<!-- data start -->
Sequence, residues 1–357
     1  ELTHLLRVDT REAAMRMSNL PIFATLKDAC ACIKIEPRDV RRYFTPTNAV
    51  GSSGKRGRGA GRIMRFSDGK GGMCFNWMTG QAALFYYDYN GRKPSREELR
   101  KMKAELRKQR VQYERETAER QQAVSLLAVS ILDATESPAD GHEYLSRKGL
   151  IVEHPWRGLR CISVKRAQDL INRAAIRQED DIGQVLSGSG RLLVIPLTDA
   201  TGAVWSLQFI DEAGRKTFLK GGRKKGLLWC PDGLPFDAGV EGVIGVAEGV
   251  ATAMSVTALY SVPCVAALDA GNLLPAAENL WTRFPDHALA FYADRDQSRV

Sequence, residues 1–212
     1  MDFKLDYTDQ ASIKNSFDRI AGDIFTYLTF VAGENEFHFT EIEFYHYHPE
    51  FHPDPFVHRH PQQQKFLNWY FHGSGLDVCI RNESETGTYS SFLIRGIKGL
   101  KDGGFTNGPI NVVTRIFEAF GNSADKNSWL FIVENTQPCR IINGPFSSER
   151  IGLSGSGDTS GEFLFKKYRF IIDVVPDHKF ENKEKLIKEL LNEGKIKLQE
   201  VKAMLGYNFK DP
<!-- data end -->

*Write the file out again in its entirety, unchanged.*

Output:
Sequence, residues 1–357
     1  ELTHLLRVDT REAAMRMSNL PIFATLKDAC ACIKIEPRDV RRYFTPTNAV
    51  GSSGKRGRGA GRIMRFSDGK GGMCFNWMTG QAALFYYDYN GRKPSREELR
   101  KMKAELRKQR VQYERETAER QQAVSLLAVS ILDATESPAD GHEYLSRKGL
   151  IVEHPWRGLR CISVKRAQDL INRAAIRQED DIGQVLSGSG RLLVIPLTDA
   201  TGAVWSLQFI DEAGRKTFLK GGRKKGLLWC PDGLPFDAGV EGVIGVAEGV
   251  ATAMSVTALY SVPCVAALDA GNLLPAAENL WTRFPDHALA FYADRDQSRV

Sequence, residues 1–212
     1  MDFKLDYTDQ ASIKNSFDRI AGDIFTYLTF VAGENEFHFT EIEFYHYHPE
    51  FHPDPFVHRH PQQQKFLNWY FHGSGLDVCI RNESETGTYS SFLIRGIKGL
   101  KDGGFTNGPI NVVTRIFEAF GNSADKNSWL FIVENTQPCR IINGPFSSER
   151  IGLSGSGDTS GEFLFKKYRF IIDVVPDHKF ENKEKLIKEL LNEGKIKLQE
   201  VKAMLGYNFK DP